Yes, taxation is presumably a tool for development. The purpose of taxation is for government to provide the public services – security, electricity, health care, water, roads, schools and a social safety net – that make development possible and sustainable. When applied judiciously to public infrastructure, these taxes can help create wealth, by having a healthier, better educated, better connected society that is secure and gives people the platform to become the best version of themselves.

The social welfare programmes of this administration are therefore worthy of commendation in a country with so many poor people.

However we need to think and tackle these imperatives with discipline and humility. The humility to say, we have this problem, it’s a major, stubborn problem; and ideas from the past will just not do for a world that has radically, considerably changed.

The reality of the new world is this: we must rapidly expand wealth, and include millions in that growth.

Only a focus on expanding wealth now and into the future can make a real difference, even in keeping these socalist pogrammes sustainably.

We need to both ensure efficient tax regimes, direct them towards social welfare while AT THE SAME TIME, creating and expanding wealth from those who have the capacity so to do (Hint: Not government).


The current challenges with crude oil prices offer yet another opportunity for the Nigerian state to change the focus of its economy, to build an economy worthy of its name.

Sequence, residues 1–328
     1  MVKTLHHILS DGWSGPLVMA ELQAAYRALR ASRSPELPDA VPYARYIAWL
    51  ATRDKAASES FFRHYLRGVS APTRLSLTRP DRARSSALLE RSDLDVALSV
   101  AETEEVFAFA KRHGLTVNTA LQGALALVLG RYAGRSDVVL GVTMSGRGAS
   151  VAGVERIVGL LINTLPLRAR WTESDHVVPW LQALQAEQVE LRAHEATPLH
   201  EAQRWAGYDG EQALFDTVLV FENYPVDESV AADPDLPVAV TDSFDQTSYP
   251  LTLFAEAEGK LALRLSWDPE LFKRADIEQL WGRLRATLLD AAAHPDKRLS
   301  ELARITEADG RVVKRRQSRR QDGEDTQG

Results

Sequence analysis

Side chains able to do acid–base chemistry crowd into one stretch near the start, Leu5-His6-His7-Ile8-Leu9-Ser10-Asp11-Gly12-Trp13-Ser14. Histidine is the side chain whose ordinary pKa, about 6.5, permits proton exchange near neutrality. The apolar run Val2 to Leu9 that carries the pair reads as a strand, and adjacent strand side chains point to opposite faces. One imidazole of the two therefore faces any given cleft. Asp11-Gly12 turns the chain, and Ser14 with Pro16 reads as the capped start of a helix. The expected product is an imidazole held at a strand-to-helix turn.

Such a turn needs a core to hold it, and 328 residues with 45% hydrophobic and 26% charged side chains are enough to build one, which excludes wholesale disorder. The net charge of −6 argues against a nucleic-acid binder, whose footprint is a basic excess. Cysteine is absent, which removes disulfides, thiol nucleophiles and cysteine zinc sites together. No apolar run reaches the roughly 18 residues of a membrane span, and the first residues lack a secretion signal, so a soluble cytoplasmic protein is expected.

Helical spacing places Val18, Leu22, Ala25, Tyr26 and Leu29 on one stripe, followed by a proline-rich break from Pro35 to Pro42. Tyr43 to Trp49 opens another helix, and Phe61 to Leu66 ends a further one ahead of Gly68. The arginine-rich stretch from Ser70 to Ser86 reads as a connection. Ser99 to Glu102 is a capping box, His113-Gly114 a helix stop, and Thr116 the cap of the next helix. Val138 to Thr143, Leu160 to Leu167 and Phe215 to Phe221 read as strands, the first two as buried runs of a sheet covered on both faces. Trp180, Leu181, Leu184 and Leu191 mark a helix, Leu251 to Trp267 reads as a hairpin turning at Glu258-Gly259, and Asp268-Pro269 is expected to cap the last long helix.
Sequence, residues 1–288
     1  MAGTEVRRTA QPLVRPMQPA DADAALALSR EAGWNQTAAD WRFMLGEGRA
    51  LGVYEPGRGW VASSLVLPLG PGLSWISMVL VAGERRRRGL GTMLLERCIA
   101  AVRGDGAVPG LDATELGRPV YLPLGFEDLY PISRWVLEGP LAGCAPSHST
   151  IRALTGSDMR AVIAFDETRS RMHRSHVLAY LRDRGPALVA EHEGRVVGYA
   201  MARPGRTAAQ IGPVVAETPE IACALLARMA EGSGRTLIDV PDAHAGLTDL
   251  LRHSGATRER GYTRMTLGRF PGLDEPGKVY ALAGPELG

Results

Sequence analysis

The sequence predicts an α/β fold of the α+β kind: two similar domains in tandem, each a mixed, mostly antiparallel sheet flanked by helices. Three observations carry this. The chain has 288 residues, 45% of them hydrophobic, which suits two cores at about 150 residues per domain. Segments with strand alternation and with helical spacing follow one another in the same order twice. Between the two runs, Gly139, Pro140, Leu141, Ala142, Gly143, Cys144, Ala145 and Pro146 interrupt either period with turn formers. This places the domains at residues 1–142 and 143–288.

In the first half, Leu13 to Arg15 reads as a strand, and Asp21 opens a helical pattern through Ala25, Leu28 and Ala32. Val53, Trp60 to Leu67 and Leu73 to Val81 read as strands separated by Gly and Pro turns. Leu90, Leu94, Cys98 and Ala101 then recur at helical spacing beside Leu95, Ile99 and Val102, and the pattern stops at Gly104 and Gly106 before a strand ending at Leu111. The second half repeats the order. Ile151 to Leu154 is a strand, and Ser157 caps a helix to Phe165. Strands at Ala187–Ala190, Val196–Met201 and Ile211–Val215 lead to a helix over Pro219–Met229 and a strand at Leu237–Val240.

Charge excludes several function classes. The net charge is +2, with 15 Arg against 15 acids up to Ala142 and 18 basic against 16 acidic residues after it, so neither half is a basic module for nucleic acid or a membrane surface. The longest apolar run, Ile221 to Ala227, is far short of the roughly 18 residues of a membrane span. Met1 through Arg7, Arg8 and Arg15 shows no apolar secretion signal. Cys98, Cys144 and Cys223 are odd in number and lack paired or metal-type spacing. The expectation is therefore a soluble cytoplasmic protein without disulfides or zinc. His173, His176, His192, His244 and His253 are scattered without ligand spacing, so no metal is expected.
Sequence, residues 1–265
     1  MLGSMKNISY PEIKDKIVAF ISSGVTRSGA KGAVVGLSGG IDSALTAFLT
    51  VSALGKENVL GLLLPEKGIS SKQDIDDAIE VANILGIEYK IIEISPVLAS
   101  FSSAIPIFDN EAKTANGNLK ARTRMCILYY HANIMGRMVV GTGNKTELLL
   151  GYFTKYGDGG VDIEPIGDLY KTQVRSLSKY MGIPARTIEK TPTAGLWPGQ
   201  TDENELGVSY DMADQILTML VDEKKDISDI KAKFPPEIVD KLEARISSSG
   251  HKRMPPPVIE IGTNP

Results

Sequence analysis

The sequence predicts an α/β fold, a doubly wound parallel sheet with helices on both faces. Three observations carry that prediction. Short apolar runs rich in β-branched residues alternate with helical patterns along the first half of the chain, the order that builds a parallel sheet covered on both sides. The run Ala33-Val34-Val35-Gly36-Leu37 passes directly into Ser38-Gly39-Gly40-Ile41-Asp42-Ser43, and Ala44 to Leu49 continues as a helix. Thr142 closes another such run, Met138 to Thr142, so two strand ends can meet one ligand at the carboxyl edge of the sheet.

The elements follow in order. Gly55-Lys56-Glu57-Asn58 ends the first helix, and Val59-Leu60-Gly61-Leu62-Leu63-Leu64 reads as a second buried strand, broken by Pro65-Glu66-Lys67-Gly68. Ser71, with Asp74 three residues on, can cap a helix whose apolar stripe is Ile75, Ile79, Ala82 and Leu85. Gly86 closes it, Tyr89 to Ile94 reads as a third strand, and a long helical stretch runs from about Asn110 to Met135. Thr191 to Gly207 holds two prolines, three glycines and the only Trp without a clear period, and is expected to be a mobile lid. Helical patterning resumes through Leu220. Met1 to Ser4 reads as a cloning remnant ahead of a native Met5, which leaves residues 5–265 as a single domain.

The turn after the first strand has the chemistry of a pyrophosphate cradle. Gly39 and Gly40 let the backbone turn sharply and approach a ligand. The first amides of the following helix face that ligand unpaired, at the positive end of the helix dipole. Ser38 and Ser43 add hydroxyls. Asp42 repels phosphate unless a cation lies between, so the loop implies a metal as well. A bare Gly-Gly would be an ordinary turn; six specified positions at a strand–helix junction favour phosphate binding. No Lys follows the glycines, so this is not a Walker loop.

This is a frustrating fact: we have gone through the pain of low oil prices before, but have not learnt any lessons. So the imperative is simple: before anything changes, the thinking at the top of the government needs to come into the future.

And this is the future, a focus on spending alone is a focus on failure, a focus on collecting and collecting alone is a focus on tyranny, even a focus on pursuing thieves alone can lead to a dangerous tunnel vision.

The one focus any economy interested in owning the future must have is creating wealth, expanding that wealth and then bringing more into the bracket of its rising tide.

There is something I learnt a while ago as a young business person studying the secrets to wealth: neither good nor bad luck are in themselves good or bad. It’s the return on luck that makes the difference between that last and those that die.

The collapse in oil prices is bad luck that can do us a huge favour.

We have a massive opportunity to change the character of our democratic institutions and thereby unleash the Nigerian potential I have been hearing of since I was born in 1985.

If we can begin immediate to apply the discipline of thought and action to create wealth in an inclusive sustainable manner, then instead of taxing to death the little that we have, we will create more and better that we can tax comfortably, and win with, now and far into the future.

A paper presented by Chude Jideonwo, Co-Founder Managing Partner, RED, at the Inaugural Conference of the Ibadan School of Governance and Public Policy, on 1 February, 2016.